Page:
Every photographer is different. We each have our own likes and dislikes, strengths and weaknesses. But I believe that every photographer definitely has two things in common. One, of course, is a passion for the art of photography, capturing that perfect moment. The other is, we all love our gadgets and tech toys. Which is why February is one of our favorites months. Not for Valentine's Day but because it officially kicks off the trade show season for our industry. The time of year that all the new equipment is unveiled. First up in the trade show parade is CP+, Japan's largest photography trade show.
Canon was the big dog at the show. They introduced a lot of new cameras and a new lens. But the stars of the show were the Canon 5Ds and the Canon 5DsR. Both cameras sport a whopping 50 megapixel full frame sensor. The difference between the two cameras is that 5DsR doesn't have an anti-alias filter, which in theory gives you sharper picture at the expense of moire (moire is wavy stripes that appear when in your photographs when you shoot naturally occuring patterns). From a tech geek point of view these cameras are pretty cool. 50 megapixels in a portable body for under $4000 is a neat trick. From a practical stand point these are specialty cameras which are intended for a narrow niche because most people honestly don't need 50 megapixels. The 5Ds will set you back $3699 and the 5DsR will cost $3899. For those of you looking for something practical, Canon also introduced to new Rebel cameras. The Rebel T6i and T6s both have 24 megapixel APS-C sensors. The T6i wll cost $799 and tack on an extra $100 for the T6s. These entry level camera's represent pretty good upgrade over the older Rebel models. What's the difference between the two? They are almost identical and the difference is subtle. Basically if you're a person who likes to control the functions on the camera the T6s is for you. On the other hand if you like things simple, and don't want a lot of buttons to worry about, the T6i is for you.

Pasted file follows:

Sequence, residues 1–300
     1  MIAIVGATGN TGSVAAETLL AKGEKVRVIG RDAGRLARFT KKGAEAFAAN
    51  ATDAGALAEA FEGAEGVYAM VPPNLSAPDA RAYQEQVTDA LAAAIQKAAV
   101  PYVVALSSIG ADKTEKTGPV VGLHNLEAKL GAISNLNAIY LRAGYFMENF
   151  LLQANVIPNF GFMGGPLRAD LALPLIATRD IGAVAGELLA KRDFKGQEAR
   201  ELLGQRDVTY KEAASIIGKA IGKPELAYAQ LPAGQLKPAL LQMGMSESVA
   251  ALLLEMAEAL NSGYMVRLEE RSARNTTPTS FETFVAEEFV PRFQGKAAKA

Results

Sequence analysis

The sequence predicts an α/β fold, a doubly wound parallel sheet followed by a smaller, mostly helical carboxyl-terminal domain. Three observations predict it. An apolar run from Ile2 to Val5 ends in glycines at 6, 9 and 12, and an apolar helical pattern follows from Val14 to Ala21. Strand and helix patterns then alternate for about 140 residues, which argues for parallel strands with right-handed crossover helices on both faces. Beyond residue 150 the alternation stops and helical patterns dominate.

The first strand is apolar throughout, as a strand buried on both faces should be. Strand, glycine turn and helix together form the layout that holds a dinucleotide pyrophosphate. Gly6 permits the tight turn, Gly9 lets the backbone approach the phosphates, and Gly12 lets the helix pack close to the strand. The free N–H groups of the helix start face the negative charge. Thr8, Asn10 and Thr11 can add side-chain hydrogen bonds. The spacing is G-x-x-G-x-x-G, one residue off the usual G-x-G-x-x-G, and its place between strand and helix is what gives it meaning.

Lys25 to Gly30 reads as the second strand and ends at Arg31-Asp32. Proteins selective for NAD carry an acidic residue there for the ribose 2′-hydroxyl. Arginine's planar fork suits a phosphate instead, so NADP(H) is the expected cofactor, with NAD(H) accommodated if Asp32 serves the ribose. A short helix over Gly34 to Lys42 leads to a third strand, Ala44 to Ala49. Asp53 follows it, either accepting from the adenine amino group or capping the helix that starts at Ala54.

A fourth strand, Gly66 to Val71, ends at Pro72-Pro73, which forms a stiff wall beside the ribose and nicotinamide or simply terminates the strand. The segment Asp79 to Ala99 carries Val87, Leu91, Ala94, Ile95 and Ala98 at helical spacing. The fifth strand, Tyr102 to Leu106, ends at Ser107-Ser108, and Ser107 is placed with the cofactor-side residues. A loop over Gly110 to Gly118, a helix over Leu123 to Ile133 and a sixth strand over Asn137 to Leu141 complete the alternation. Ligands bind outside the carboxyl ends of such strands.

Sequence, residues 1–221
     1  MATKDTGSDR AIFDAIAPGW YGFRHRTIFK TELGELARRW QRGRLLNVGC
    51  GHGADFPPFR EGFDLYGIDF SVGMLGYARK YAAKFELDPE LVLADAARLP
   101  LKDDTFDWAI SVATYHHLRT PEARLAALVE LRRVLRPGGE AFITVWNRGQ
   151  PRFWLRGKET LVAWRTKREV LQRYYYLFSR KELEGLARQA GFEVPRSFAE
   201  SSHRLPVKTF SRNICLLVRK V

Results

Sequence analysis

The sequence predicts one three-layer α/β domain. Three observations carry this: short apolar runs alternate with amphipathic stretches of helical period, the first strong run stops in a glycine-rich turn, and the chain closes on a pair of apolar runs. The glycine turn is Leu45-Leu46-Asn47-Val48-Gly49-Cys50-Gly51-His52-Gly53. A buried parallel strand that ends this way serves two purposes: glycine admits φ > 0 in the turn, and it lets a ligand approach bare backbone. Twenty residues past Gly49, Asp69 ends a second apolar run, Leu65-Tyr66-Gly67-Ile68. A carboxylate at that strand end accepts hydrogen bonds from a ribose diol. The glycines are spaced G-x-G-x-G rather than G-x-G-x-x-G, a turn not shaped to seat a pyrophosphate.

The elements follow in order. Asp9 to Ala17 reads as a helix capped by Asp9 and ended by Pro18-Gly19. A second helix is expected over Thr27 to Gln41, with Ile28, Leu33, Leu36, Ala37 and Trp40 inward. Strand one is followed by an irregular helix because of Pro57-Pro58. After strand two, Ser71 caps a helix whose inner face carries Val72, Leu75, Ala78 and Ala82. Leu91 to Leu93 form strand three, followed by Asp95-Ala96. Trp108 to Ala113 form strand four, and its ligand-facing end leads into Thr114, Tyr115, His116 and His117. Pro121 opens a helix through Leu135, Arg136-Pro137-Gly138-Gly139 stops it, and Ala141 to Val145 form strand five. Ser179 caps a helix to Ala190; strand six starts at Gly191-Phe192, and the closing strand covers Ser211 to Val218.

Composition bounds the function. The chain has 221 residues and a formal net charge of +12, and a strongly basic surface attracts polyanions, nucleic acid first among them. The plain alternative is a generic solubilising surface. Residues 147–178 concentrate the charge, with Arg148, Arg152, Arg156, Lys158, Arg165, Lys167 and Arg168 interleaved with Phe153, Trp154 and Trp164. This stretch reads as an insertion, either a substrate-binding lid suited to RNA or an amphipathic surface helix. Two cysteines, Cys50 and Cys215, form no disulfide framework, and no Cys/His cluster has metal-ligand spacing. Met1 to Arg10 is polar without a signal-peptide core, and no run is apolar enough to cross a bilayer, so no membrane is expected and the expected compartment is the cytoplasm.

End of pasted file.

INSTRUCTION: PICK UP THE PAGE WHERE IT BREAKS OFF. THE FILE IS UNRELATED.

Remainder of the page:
Nikon also introduced a new specialty camera the D810A. The camera is designed for astrophotography. The specs are identical to the D810 which has a 36 megapixel full frame sensor. But the infra-red fliter has been modified so it sees the lights from the stars and nebulas better and it gives better long exposures. For all you well heeled stargazers this camera is for you. Expect a price in the range of $3000 to $4000.
Pentax also introduced a new camera, the Pentax K-S2. This is nice little entry level camera comes with a 20 megapixel, APS-C sensor. It has wi-fi, fully articulated LCD, and is weather resistant. It will cost $799 when it is released. The nicest thing about this camera is it still uses the k mount. So anyone who still has older legacy lens from when they shot a Pentax film camera can use this new camera with their old lenses. For those of you who are waiting for a full frame Pentax digital camera, Pentax said that they are working on one and it may make an appearance by the end of the year.
Last but certainly not least is Olympus. Olympus has released the new OM-D E-M5 Mark II. It has 16 megapixel micro four thirds sensor. Early reports indicate that this camera is pretty good upgrade over the well respected previous model. I'm not a huge fan of the micro four thirds mirrorless cameras but Olympus makes nice cameras and they look great. This beauty will cost $1099 when it's released.